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When Will I Ovulate?

If you’re trying to get pregnant, you need to know when you’re going to ovulate. It’s the only time in your cycle when you can actually conceive, so you need to know enough to be counting down to the next time you can try for a baby with some real chance of success.

It’s doubly important if you suffer from PCOS (polycystic ovary syndrome) or simply have an irregular cycle: if you don’t ovulate regularly then you have less chances in every year to get pregnant, so you need to make sure you’re capitalising on those times when you stand the best chance of success. If you’re not asking ‘when will I ovulate?’, then you could be missing a rare chance to conceive.

Menstrual Cycle

For the average woman, ovulation happens at the mid-point of her cycle. The cycle begins on the first day of her period, which lasts up to five days. At the same time, the body is preparing up to 20 ‘follicles’ – small sacs in the ovaries which each have an egg in them. These eggs mature over the first two-three weeks of the cycle, and one is released in a surge of oestrogen and Lutenising hormone, into the fallopian tubes and ready to be inseminated by sperm. For most women this ‘follicular phase’ lasts an average of 16 days.

If you have irregular cycles, you might find it hard to identify when you ovulate, as it differs from cycle to cycle. If you have a condition like PCOS, you might find your cycles are extremely irregular, or you have a menstrual cycle of average length but without ovulation, as excess production of androgen, the male sex hormone, interferes with the body’s ability to mature eggs to a fully fertile state.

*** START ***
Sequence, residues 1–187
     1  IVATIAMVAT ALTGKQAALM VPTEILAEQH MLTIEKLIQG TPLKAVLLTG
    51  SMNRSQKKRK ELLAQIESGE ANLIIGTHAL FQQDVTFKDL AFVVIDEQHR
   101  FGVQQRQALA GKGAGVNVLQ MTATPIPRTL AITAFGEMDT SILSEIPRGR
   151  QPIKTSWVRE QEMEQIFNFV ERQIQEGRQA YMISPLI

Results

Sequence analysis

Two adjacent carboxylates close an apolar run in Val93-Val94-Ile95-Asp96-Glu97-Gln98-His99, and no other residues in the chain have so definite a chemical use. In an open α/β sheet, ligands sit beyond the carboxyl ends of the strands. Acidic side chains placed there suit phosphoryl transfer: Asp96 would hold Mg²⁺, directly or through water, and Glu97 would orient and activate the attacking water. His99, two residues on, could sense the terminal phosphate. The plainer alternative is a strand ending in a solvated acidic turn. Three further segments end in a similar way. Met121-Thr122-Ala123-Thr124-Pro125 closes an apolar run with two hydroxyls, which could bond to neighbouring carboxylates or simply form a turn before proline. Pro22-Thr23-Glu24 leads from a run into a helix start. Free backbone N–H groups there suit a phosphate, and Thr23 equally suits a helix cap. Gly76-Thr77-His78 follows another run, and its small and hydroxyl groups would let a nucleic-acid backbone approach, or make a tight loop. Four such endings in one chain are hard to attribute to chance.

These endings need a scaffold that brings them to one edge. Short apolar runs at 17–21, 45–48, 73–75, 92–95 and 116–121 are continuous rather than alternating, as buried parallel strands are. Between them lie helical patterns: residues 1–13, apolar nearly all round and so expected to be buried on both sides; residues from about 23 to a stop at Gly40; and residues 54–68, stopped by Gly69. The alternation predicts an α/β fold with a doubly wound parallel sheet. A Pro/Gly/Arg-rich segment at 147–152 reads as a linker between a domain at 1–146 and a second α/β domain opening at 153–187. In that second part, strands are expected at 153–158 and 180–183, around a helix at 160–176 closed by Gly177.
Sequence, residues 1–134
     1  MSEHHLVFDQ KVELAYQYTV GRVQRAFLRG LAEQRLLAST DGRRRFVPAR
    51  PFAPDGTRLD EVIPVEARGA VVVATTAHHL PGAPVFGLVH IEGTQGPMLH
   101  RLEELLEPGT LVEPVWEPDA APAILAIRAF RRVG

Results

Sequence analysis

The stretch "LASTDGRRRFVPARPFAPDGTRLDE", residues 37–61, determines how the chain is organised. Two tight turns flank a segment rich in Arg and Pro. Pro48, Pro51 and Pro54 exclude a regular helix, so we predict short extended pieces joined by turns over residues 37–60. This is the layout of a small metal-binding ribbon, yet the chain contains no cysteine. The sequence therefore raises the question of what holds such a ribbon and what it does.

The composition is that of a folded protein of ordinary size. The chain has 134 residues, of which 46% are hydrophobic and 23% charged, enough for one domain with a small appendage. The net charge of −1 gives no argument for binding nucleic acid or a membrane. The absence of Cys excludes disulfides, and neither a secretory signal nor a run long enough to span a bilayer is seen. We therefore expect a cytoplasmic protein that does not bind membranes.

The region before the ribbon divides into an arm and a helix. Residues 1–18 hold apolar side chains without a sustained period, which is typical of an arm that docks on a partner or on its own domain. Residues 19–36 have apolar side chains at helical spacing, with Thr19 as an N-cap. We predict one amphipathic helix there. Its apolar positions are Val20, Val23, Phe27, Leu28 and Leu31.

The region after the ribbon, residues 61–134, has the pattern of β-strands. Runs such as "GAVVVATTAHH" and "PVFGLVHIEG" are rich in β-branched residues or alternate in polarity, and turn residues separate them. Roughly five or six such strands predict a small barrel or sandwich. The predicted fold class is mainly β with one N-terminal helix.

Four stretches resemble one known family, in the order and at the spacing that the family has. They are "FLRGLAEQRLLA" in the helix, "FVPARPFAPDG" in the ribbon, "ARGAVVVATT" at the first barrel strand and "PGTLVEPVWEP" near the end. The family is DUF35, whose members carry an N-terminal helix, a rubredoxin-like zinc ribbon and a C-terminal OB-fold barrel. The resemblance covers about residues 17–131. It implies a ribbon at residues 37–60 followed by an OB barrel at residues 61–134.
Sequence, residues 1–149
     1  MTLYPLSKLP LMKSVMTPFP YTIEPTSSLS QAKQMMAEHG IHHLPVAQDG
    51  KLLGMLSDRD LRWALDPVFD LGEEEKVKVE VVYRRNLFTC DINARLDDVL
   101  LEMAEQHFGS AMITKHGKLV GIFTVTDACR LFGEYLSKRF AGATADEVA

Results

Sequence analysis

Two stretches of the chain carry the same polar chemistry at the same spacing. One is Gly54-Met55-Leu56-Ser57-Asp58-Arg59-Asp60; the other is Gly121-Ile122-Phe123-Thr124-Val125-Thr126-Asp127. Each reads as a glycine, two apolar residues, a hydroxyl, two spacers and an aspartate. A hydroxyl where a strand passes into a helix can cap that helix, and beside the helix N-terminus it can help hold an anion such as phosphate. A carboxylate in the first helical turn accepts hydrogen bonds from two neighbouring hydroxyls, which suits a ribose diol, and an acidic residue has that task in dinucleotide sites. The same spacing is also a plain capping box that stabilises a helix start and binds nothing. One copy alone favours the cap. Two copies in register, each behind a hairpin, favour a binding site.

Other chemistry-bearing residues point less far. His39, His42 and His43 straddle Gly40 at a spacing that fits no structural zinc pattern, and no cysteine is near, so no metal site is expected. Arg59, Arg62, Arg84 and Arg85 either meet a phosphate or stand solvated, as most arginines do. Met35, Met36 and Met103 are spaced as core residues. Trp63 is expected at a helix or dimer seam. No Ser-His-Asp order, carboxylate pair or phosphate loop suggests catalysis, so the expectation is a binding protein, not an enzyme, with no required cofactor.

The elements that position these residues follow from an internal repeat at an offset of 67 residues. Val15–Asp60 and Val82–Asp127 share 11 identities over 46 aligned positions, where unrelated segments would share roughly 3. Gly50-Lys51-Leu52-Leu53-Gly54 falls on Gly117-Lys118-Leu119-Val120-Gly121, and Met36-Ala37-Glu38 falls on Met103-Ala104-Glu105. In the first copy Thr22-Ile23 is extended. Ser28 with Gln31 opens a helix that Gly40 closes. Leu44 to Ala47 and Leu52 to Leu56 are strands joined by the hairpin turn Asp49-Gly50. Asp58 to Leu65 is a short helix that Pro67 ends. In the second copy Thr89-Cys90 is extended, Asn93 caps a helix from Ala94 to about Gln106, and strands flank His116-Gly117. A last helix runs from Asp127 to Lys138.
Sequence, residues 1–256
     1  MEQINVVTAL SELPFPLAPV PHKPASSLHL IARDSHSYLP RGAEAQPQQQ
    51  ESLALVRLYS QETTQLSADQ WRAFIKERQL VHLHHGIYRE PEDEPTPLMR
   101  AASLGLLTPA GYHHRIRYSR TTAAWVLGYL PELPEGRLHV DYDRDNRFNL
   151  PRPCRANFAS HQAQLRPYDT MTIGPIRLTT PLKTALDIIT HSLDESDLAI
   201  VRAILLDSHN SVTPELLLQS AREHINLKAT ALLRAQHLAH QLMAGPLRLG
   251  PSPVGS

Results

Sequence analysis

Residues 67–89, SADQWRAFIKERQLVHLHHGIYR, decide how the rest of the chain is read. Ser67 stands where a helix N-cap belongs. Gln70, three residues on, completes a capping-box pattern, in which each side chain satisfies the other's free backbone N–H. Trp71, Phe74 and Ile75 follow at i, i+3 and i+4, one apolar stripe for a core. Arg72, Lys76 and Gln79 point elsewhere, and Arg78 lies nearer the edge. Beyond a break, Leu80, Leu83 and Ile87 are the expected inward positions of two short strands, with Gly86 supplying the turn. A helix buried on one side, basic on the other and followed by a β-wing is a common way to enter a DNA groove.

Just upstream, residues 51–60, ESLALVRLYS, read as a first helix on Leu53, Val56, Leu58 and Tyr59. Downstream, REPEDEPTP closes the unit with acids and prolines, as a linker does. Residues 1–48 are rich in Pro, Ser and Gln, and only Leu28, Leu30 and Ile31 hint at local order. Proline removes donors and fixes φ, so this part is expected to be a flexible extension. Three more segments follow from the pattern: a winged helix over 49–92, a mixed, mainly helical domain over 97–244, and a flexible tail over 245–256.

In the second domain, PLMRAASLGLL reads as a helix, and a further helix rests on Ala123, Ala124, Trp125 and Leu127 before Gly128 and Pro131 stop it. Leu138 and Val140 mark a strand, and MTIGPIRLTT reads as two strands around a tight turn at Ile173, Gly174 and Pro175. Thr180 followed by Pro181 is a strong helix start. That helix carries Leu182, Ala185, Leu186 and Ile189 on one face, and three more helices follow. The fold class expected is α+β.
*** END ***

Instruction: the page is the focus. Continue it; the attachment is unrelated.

When Do You Ovulate?

They’re of limited use at the best of times, but if you have PCOS or other hormonal imbalances then home ovulation testing kits aren’t going to help at all. They work, like pregnancy tests, by testing for hormones in your urine, but if your hormones don’t fit the profile the kit is optimised for they won’t give you an accurate result.

A better way to tell when you’re going to ovulate is to measure your body’s basal temperature: peaks and troughs in that give you a good indication of when you’re going to ovulate, if you can get accurate readings. This is the method OvuSense uses, and by the measuring your core temperature right through the night, it can reliably predict when you’re due to ovulate with 24 hours notice, giving you the chance you need to conceive!

To learn more about your cycle and hear from Ovusense customers visit ovusense